I’ve got a full dance card, and the cotillion ain’t over yet. Next in line will be the Writers League of Texas Writers Retreat in Alpine in August. I can’t wait: a week in one of my favorite places concentrating on writing. The part of heaven where they stash the writers probably looks a lot like this retreat; at least I hope so.

I can only hope all of you are as busy and having as much fun as I am this summer. If not, watch Eddie Izzard on YouTube and adopt a dog. That’s a start.




Cry Havoc! The Wars of Dog

Taco collarNo doubt about it. We love our dogs. They are all rescues, co-opted mainly from various relatives who couldn’t or wouldn’t take care of them, and there’s not a pedigree in the bunch. They are all mixed breeds, although one, Angie, may be the product of inter-species dating.

Angie, the oldest at 16, has congestive heart disease and is going downhill. In less than a year she has gone from 3 out of 6 to 5 out of 6 on the Congestive Heart Failure scale, according to the vet, and this is one time when higher scores are not better.

Annie, at 15, seems to be doing well, except for missing a few teeth and several marbles. Her personal credo is: “I lick, therefore I am.”

Taco, who is supposed to be 4, is starting to show the wear and tear of a much older dog. His age is based on the unreliable memory of someone who inherited him from a tenant who didn’t want him anymore. His muzzle is beginning to show white, and he recently underwent dental surgery and removal of a growth on his paw. That screams, “Old Man!” to me.

So we’re running a nursing home for geriatric dogs once again. Bryan was handling the medications, a single pill for Angie along with the morning treats. He came down with his semi-annual, near-fatal allergy attack about the time everything changed and is just starting to get the hang of the new routine.

Here’s the schedule:

6:30 a.m. Pick up food, because one of Angie’s meds needs to be taken an hour before eating.  Tear Pill Pocket in half, putting half in a small container for later. Press small, white pill and 1/2 of diuretic into 1/2 Pill Pocket. (The diuretic is roughly the size of a newborn baby’s fingernail clipping.) Break large, new heart pill in half, saving half for later in the small Later container. Give meds to Angie and morning treats to all.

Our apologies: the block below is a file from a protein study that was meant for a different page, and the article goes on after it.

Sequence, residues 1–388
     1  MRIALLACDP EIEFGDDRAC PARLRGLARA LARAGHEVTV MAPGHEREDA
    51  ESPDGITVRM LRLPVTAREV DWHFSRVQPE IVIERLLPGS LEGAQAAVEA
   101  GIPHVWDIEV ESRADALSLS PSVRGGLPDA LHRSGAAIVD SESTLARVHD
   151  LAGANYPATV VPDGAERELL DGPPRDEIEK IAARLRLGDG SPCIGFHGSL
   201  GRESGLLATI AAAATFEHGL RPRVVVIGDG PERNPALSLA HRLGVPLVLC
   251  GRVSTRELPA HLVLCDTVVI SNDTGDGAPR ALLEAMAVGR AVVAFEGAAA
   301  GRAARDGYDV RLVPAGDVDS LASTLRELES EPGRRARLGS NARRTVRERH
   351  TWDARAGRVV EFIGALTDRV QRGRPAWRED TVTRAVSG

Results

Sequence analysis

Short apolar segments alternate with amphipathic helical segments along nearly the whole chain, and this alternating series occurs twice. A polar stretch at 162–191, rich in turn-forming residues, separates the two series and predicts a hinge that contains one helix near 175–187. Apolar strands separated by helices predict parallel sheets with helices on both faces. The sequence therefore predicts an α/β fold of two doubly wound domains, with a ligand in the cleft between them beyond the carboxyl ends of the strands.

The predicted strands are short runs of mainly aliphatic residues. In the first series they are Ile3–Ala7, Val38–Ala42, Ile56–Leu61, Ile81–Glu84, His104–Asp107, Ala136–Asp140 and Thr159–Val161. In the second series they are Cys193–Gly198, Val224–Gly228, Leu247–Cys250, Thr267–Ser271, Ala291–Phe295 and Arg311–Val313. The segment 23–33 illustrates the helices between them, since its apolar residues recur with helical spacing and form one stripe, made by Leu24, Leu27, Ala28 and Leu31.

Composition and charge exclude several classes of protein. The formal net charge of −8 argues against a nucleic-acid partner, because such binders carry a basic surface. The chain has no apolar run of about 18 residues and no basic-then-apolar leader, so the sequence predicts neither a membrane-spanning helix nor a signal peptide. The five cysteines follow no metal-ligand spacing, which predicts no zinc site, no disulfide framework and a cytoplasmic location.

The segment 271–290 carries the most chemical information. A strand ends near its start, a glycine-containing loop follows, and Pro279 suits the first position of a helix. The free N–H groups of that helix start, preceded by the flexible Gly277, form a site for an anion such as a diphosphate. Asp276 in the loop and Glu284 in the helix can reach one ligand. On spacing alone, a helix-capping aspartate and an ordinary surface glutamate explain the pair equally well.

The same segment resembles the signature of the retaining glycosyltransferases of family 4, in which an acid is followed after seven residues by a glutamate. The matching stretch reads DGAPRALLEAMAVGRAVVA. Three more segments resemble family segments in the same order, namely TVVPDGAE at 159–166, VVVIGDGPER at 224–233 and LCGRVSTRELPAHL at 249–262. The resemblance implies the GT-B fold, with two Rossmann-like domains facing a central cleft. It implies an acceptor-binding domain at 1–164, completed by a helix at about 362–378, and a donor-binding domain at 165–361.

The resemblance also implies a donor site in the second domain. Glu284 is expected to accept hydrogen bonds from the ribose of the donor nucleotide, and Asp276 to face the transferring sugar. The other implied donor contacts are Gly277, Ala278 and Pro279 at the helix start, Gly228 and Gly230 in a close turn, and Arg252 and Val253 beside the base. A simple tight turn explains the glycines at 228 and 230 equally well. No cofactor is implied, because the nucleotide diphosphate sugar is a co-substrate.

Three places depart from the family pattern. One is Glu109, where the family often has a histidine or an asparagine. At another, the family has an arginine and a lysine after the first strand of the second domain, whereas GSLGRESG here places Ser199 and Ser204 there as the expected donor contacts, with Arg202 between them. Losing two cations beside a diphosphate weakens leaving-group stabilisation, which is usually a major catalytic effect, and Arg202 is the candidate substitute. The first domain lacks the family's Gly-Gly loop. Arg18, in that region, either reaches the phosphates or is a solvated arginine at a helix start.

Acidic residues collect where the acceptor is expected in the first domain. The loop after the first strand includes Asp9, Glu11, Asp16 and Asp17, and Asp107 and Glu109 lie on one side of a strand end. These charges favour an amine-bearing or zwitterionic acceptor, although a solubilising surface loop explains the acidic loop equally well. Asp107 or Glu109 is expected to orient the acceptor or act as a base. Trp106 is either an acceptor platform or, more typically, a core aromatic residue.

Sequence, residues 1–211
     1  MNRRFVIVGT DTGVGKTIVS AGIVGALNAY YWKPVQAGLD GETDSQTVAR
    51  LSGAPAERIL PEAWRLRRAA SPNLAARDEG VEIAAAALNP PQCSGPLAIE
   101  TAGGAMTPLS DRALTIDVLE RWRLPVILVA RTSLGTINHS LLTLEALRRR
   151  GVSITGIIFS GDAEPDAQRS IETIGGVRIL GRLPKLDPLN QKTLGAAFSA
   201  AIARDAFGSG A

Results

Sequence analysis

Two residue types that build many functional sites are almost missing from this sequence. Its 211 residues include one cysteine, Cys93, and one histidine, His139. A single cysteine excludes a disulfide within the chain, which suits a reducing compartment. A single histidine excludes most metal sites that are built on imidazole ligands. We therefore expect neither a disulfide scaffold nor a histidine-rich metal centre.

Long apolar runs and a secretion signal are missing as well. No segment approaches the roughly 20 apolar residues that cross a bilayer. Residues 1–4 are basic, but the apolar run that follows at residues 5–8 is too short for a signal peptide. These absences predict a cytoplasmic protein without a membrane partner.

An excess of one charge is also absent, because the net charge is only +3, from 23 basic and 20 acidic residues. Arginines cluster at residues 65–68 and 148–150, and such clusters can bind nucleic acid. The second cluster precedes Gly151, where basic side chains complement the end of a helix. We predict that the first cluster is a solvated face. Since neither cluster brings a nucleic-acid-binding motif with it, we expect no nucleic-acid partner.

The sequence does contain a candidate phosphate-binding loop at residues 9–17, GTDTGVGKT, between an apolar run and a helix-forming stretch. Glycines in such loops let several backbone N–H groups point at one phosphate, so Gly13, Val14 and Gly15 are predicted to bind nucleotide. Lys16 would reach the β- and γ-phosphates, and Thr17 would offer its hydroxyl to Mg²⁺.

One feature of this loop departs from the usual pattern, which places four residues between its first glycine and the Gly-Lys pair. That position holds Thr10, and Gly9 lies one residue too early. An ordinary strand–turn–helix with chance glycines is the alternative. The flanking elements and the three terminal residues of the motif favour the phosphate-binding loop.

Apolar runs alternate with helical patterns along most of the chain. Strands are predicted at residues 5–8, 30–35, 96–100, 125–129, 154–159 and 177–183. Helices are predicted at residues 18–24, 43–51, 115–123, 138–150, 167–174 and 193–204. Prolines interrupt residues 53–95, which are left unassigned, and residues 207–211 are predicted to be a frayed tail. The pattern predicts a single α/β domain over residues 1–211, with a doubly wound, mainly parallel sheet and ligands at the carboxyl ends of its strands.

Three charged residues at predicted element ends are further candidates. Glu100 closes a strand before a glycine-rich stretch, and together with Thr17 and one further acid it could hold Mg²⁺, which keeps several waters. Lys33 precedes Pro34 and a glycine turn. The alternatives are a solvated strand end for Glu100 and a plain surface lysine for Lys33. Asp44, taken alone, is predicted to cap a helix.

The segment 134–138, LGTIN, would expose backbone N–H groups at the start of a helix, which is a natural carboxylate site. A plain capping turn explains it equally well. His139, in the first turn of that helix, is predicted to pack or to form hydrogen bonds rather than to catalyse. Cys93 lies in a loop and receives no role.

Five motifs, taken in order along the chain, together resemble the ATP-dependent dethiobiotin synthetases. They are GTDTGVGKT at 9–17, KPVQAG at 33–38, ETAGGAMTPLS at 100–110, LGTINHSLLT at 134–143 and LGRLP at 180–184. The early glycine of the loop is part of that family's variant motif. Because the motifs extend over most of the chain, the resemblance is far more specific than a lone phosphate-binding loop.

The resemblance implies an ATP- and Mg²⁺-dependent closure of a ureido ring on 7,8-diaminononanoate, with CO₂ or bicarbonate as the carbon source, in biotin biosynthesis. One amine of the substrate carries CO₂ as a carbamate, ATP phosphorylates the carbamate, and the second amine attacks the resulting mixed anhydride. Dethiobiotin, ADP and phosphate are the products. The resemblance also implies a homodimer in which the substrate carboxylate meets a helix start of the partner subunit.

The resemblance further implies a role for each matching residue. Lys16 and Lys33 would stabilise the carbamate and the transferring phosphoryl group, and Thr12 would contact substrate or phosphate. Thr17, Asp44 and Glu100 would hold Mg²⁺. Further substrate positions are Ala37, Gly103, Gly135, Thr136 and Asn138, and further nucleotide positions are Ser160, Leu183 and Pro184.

6:45 a.m. Take large dollop of bland chicken and rice soft dog food from fridge and microwave for 10 seconds. Add 1 dropper of foul-tasting antibiotic liquid and 1 tsp. of sugar free maple syrup. Mix well. Hold while Taco manages to lick up every crumb. He is blissfully unaware that this will end when he takes all of the medicine.

Late afternoon – Repeat.

Taco lost his bottom four front teeth due to decay, which is another reason I don’t think he’s the spring chicken he’s supposed to be. The lady at the vet’s cheerily told me it was a good thing he didn’t lose his front teeth, too, because then his tongue would hang out. A blessing, indeed.

On top of everything else, Taco has a hard plastic cone (sometimes known as a Renaissance collar) encircling his head to keep him from licking the stitches on his paw. He looks like an ice cream cone from “The Island of Dr. Moreau.” What’s more, he absolutely hates it and spends his time lying on his side, doing an excellent redition of the death act from “Camille.” He has mastered the art of the guilt trip and lays it on thick. This will go on until he gets his stitches out, sometime next week. I’m counting the days.